The Concept of Story

Recently I read an article by Stanley Hauerwas on an alternative pattern for rationality in ethics. In this article, Hauerwas points out the importance of narrative for today's post-modern culture. Narrative can also be described as "story." As I was reading this article, I reflected on the importance that story plays in each of our lives today. I am part of a house group with the church that Lindsay and I attend. For the past several months we have been taking time to share our life stories with the group. While this is a painful exercise, it is also a great opportunity to know somebody on a much deeper level. It provides a context for going through life together.

Every story has a narrative structure to it. Now, I know not all people are "structure" people, but when it comes to narrative, we all appreciate structure. That doesn't mean that, at times, the structure does not make one feel uncomfortable. I remember reading Steinbeck's The Grapes of Wrath and being somewhat frustrated with the breaks between chapters in which he described the land during the time of the great dust bowl. That particular structure annoyed me to a certain degree, but it was structure none the less.

At the heart of a narrative's structure is the plot - which can perhaps best be described as the point of the story. As the plot unfolds, the reader (or hearer in some contexts) is introduced to characters and, as the plot unfolds, the characters are developed.

Hauerwas' main point in relating the concept of narrative to ethics is that the discipline of ethics is not simply about making ethical decisions when a problem situation arises, but about what sort of people we should be. It deals with character. How one views particular moral quandaries and how he or she will choose to act when facing them will depend on his or her character. Character affects the reasons why we act. Our character is shaped by the kinds of stories we are holding to make sense out of life. Furthermore, because the concept of narrative/story has the ability to draw people in, stories help us relate to the rest of the world.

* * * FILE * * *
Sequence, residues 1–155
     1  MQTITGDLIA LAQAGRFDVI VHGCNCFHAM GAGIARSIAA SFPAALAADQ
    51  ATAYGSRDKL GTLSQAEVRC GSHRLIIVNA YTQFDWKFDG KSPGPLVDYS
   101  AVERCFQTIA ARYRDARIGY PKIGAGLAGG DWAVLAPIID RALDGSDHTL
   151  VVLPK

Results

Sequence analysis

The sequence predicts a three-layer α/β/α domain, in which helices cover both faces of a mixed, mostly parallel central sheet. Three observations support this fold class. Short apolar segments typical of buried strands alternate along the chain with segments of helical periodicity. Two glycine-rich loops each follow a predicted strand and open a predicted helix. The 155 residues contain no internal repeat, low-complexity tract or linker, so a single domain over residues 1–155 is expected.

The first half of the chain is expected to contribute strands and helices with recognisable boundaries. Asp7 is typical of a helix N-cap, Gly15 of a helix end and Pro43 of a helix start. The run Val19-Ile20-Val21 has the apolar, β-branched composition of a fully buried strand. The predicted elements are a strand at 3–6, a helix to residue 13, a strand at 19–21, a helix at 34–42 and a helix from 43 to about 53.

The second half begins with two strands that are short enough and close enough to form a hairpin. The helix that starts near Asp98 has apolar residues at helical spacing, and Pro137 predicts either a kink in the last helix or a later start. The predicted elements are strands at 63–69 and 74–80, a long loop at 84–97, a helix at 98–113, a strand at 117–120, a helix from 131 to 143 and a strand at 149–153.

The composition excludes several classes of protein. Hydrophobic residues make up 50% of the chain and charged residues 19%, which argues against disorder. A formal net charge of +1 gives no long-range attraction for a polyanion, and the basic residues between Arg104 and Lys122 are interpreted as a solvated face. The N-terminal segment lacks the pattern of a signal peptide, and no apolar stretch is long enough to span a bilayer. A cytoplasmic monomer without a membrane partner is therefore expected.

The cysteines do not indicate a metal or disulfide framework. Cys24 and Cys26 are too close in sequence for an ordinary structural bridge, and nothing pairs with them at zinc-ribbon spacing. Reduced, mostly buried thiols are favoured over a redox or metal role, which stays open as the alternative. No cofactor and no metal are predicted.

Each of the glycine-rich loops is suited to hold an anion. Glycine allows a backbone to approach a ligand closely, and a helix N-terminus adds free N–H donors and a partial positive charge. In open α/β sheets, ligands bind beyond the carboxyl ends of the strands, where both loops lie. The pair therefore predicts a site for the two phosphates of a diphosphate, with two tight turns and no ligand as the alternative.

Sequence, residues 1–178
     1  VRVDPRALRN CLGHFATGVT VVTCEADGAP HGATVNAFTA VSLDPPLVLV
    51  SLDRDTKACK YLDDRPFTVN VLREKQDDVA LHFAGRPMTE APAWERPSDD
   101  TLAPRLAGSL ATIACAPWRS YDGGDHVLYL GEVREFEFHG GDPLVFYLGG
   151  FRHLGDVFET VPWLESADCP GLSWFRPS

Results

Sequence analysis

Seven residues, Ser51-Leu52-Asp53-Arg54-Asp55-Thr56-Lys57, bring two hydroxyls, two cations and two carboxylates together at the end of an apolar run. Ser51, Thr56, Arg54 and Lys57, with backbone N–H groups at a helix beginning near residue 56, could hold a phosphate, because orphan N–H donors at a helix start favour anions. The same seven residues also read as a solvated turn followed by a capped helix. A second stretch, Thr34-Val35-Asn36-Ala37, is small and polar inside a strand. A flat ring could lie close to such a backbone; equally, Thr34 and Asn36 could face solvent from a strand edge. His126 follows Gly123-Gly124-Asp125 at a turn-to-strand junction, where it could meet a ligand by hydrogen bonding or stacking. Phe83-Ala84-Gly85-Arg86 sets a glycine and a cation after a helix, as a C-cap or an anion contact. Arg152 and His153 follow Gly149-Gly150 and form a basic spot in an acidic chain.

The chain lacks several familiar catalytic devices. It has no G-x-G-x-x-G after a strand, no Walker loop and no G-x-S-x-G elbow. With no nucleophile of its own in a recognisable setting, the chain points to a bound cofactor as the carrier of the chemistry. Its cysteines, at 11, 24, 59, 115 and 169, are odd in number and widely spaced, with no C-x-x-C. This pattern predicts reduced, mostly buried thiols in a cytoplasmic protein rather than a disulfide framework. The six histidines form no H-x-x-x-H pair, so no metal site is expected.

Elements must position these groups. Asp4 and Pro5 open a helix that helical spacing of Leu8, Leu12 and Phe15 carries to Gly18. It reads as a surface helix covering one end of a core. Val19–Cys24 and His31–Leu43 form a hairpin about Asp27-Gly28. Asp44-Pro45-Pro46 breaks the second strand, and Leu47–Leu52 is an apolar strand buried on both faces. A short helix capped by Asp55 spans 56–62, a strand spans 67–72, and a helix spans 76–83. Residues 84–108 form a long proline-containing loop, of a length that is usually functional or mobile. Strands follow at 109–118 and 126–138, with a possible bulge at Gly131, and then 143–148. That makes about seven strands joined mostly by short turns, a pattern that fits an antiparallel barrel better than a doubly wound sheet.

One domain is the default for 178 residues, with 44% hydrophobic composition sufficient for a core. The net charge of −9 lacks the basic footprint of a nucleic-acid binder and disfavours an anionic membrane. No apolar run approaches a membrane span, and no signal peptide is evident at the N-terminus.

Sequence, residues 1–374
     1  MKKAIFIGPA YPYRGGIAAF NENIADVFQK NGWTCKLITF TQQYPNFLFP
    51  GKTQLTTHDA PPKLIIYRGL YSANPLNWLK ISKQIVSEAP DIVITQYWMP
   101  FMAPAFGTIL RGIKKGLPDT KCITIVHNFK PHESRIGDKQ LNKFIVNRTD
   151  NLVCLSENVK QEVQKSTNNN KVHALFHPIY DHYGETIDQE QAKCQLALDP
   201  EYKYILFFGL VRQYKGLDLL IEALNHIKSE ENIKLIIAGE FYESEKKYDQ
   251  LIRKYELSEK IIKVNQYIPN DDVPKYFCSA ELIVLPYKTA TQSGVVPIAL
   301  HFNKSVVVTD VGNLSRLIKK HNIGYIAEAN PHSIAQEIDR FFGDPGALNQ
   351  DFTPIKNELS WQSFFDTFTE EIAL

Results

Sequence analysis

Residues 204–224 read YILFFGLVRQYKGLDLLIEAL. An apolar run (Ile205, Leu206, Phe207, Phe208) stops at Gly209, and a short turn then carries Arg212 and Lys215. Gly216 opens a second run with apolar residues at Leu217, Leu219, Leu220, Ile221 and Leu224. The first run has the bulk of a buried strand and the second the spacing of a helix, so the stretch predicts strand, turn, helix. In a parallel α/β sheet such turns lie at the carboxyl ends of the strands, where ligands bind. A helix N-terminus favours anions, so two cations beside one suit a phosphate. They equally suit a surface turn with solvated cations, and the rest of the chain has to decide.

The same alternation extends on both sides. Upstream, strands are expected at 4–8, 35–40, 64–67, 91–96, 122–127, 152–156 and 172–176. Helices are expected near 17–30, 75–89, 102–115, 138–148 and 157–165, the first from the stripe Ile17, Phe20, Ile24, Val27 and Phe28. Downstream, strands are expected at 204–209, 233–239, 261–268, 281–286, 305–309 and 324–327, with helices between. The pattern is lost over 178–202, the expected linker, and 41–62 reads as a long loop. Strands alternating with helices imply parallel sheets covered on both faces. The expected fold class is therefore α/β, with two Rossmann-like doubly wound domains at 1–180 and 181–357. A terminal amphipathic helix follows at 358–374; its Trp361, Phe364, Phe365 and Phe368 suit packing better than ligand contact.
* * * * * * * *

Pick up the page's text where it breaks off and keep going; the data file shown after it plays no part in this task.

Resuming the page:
The concept of story is particularly helpful when I think about God's grand narrative of redemption. Whether one knows it or not, we are all characters in a larger-than-life story that continues to be written by God. Like any story, there exists the variety of elements in a story (plot, characters, conflict, tension, resolution, etc.). I think the best news of all is that the story continues to be written.

When it comes to relating to one another and deepening our relationships with each other, I find it helpful to know that each person has a story. We have individual stories that include moments of happiness and joy, but also those of frustration, pain, and sorrow. And there is the grand meta-narrative that we are all a part of. I am hopeful that the story that God is writing will indeed be brought to completion. The ending, though unseen and unknown, will be glorious. I don't necessarily get that, but it is the hope to which I am clinging to today.